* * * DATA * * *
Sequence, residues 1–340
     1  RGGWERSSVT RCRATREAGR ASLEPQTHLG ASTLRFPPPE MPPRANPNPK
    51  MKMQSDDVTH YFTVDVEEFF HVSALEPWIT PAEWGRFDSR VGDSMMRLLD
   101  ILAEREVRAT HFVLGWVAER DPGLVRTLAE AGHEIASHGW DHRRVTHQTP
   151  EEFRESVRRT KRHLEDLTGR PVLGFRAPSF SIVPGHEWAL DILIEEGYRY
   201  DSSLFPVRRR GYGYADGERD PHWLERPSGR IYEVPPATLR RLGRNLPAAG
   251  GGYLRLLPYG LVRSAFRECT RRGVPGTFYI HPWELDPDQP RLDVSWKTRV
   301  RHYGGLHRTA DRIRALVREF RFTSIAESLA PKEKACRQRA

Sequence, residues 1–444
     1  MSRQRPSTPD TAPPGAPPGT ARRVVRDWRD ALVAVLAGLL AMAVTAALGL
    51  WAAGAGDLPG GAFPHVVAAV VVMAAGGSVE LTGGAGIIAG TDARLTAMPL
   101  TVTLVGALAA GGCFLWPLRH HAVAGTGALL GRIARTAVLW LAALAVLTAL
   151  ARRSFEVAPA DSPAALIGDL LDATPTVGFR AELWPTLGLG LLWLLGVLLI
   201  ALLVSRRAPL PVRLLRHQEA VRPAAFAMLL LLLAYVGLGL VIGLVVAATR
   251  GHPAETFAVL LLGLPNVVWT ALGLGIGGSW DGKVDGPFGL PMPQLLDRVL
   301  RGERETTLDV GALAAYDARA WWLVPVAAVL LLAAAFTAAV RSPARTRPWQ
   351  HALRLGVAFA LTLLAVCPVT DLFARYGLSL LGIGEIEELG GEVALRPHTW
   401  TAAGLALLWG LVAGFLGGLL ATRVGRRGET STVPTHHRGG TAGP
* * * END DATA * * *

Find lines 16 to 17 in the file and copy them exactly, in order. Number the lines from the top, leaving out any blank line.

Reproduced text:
   301  RGERETTLDV GALAAYDARA WWLVPVAAVL LLAAAFTAAV RSPARTRPWQ
   351  HALRLGVAFA LTLLAVCPVT DLFARYGLSL LGIGEIEELG GEVALRPHTW